The stripper sidedraw stream passes from the intermediate zone of stripping column 32 by way of conduit 52. The stripper sidedraw stream is substantially in the vapor state containing water, HF and isoparaffin and undergoes a partial condensation induced by condenser 54 to provide a vapor phase, comprising isoparaffin, and at least one liquid phase. Among the liquid phases, a first liquid phase 56, comprising water, and a second liquid phase 58, comprising isoparaffin, are separated. The first liquid phase passes to downstream processing and disposal by way of conduit 60. The second liquid phase, which may also contain HF, can pass downstream for further processing through conduit 62 and the vapor phase can pass downstream through conduit 64. Both the vapor phase and second liquid phase may be recycled, directly or indirectly, to settler vessel 18.CALCULATED EXAMPLE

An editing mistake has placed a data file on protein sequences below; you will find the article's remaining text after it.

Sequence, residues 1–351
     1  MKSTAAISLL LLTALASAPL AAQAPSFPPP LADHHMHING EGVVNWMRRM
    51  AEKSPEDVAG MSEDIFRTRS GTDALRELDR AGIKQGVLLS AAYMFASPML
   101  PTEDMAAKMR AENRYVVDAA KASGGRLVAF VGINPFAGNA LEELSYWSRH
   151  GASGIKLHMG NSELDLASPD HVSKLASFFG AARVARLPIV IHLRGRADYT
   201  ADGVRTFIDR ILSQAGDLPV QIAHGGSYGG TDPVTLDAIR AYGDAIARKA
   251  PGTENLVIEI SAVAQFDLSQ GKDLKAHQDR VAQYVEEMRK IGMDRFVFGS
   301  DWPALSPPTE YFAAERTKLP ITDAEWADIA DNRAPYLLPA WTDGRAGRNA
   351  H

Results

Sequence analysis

This example presents calculated material balance data for the stripper sidedraw condenser when it is operated as a total condenser and when it is operated as a partial condenser of the stripper sidedraw. The data demonstrate the advantage of partial condensation over total condensation of the stripper sidedraw.
TABLE I ______________________________________ Com- Feed Stream Vapor Stream HC Stream Water Stream ponent 52 lbs/hr 64 lbs/hr 58 lbs/hr 56 lbs/hr ______________________________________ Base Case Totally Condensed Sidedraw (100.degree. F., 130 psia) Propane 6.53 0.00 6.52 0.01 I-Butane 162.55 0.00 162.33 0.22 N-Butane 13.93 0.00 13.92 0.01 C5+ 1.64 0.00 1.08 0.55 HF 7.00 0.00 0.47 6.53 Water 2.30 0.00 0.00 2.30 Total 193.94 0.00 184.32 9.62 Case 1 Partially Condensed Sidedraw (200.degree. F., 130 psia) Propane 9.10 9.10 0.00 0.00 I-Butane 226.55 226.44 0.00 0.10 N-Butane 19.41 19.41 0.00 0.00 C5+ 2.28 1.48 0.00 0.81 HF 9.76 7.30 0.00 2.46 Water 3.20 0.90 0.00 2.30 Total 270.30 264.62 0.00 5.67 Case 2 Partially Condensed Sidedraw (138.degree. F., 130 psia) Propane 6.66 6.31 0.34 0.01 1-Butane 165.73 149.25 16.30 0.18 N-Butane 14.20 12.44 1.75 0.01 C5+ 1.67 0.64 0.44 0.59 HF 7.13 3.57 0.03 3.53 Water 2.35 0.05 0.00 2.30 Total 197.74 172.26 18.86 6.62 ______________________________________